The interview with Shigot was held from the Addis Ababa hotel she stayed in during her visit. After finding out that she had been chosen to light a torch on Independence Day, she was forced to shorten her visit to Ethiopia in order to participate in the rehearsals for the ceremony.
The theme of this year’s ceremony will be the 50th anniversary of Jerusalem’s liberation. The other honorees include singer and actor Yehoram Gaon, who was born in Jerusalem, and legendary Beitar Jerusalem soccer player Uri Malmilian. While Shigot was not born in Jerusalem and has not lived there, she is strongly connected to the city—her first name, Yerusalem, reflects her parents’ deep yearning for Jerusalem.
“I don’t think you have to live there or be born there to have a connection to Jerusalem,” she explains. “All my life I heard this word, Jerusalem, but it really wasn’t because of my first name. My family always dreamed about Jerusalem. The Sigd holiday is something we mark every year, even after making aliyah, because it reflects the Ethiopian Jewry’s yearning for this city. Now, after visiting my village and realizing that my mother had to walk with six children from Gondar and then reach Addis Ababa from there in order to immigrate to Israel, I understand that even better.”
Regardless of Jerusalem, Shigot is an excellent pick for lighting an Independence Day torch. Beyond her service in the Education Corps, she is a vibrant social activist who is working—as part of her military and civilian life—to fight violence and racism and impart the values of accepting the other to the people surrounding her. About two years ago, for example, she received an award from the chief of staff for her part in a project working to eliminate violence in the Israeli society. In her free time, she helps needy families, gives lectures and has recently initiated a project helping young girls at risk in Ashkelon.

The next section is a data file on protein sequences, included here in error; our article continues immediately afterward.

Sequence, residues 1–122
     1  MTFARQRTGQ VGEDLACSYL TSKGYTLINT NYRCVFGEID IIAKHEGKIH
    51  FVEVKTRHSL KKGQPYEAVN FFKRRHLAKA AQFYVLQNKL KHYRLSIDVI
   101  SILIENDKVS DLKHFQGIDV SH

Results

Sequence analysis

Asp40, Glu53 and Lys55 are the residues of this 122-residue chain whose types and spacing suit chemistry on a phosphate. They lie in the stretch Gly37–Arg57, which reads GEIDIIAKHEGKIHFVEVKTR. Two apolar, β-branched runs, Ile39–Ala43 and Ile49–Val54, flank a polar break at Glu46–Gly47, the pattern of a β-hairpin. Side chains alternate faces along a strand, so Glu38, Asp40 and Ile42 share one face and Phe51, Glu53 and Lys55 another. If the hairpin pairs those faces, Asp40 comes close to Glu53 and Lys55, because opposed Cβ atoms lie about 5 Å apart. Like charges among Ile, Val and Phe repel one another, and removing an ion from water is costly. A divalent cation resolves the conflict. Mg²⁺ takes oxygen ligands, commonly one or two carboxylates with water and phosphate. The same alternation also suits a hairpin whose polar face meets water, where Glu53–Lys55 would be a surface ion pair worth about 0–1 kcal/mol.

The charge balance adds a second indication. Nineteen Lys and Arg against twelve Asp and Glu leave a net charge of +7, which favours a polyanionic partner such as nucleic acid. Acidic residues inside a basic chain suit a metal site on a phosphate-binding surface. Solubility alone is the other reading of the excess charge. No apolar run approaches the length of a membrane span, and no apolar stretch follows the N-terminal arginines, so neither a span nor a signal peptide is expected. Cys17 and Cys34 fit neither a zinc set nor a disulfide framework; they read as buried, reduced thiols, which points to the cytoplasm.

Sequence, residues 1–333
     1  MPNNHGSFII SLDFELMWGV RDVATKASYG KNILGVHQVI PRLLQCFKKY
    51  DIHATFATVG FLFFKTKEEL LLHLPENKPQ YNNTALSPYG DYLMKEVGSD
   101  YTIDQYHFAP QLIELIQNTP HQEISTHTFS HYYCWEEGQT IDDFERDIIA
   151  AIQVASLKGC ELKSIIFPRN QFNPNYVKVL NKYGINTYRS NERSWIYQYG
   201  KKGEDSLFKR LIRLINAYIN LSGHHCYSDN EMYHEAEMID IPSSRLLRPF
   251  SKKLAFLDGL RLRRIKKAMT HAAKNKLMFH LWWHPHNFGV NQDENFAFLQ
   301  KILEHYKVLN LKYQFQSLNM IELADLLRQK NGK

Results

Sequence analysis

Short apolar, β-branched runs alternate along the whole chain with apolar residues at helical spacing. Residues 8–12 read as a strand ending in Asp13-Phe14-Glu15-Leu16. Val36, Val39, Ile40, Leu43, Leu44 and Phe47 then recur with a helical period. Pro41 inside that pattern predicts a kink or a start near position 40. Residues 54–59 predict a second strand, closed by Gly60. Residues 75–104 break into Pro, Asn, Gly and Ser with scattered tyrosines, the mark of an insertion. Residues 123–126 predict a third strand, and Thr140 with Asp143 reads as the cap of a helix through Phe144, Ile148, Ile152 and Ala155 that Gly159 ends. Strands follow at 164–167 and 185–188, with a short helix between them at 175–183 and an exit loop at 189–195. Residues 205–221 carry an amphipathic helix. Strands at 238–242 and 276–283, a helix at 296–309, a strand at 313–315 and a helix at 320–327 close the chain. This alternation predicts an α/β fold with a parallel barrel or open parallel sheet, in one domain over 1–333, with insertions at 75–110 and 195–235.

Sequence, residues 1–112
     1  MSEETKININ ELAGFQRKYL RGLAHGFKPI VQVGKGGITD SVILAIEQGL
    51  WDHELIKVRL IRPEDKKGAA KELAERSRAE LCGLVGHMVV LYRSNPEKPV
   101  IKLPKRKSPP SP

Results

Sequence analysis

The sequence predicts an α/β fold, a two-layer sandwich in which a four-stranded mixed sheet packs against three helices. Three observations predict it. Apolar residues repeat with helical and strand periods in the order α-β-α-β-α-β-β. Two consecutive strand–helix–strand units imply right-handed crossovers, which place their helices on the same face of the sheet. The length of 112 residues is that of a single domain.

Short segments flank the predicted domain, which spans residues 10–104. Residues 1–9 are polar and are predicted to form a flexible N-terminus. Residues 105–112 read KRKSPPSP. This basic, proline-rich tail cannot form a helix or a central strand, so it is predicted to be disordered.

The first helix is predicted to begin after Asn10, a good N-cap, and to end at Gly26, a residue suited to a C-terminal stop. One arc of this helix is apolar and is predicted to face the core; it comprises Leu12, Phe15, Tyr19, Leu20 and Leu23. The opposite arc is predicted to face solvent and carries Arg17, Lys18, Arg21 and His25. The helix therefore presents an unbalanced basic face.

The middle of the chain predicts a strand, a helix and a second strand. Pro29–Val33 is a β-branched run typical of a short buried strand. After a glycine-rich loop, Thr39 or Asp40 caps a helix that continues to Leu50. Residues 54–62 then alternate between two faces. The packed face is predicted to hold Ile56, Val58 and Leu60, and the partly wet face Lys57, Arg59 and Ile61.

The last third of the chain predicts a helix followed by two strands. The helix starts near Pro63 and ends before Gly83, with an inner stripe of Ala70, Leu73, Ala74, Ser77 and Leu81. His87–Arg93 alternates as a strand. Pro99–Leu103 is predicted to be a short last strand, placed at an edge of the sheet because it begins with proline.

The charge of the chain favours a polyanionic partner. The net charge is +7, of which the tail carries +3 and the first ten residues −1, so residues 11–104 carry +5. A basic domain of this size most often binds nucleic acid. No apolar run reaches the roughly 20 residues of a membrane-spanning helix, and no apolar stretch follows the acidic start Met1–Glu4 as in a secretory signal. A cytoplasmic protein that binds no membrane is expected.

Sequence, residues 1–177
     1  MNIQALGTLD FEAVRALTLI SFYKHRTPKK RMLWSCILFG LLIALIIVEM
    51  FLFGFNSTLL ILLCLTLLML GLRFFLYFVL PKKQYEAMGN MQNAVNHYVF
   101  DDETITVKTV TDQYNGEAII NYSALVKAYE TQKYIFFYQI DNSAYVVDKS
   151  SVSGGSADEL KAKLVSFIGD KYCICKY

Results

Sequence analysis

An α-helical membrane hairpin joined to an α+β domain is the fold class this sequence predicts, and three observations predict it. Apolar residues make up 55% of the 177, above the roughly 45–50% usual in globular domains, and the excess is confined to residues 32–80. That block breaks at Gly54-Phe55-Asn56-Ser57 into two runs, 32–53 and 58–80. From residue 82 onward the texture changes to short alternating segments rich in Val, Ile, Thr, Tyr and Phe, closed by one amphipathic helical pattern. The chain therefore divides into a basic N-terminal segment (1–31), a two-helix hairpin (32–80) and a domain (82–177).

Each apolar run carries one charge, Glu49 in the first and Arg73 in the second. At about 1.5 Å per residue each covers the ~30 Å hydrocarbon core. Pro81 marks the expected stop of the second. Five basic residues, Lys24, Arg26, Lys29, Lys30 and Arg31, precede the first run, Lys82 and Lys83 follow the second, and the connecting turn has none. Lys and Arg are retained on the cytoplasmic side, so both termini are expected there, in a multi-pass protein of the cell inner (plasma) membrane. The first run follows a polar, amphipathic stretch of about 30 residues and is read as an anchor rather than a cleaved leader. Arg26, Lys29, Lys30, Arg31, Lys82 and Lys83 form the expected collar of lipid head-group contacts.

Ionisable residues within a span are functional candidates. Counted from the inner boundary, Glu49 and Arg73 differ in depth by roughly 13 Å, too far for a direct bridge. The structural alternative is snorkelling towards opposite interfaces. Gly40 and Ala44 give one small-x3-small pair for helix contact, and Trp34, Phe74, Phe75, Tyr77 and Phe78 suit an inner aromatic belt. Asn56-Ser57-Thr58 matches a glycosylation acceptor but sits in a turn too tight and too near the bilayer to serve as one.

“I come home from the army and dedicate my evenings and Fridays to all these things,” she says. “But I don’t expect any material return. I like what I do and I’m always looking for ways to contribute. As far as I’m concerned, lighting the torch is a bonus. Even if it wouldn’t have happened, I would have continued doing everything that I’m doing in full force. It’s a part of me.”
Have you already thought about the messages you would like to convey in your performance at the ceremony?
“Not yet. I haven’t reached that stage yet. I have been writing here a lot. I keep writing down everything I see and experience here. But only when I arrive and land in Israel, in the full sense of the world, I will have the time to think about the messages I would like to convey. I have learned here a lot. For example, about the connection to Israel, about the fact that when it comes to our country, nothing can be taken for granted. Many people think that people are driven to leave their homes in search for something materialistic, and you come here and see that it’s pure Zionism. I feel that this is a concept which has been slightly erased in recent years. We have a long way to go.”
Many Ethiopian immigrants were great Zionists, and then they came to Israel and were disappointed.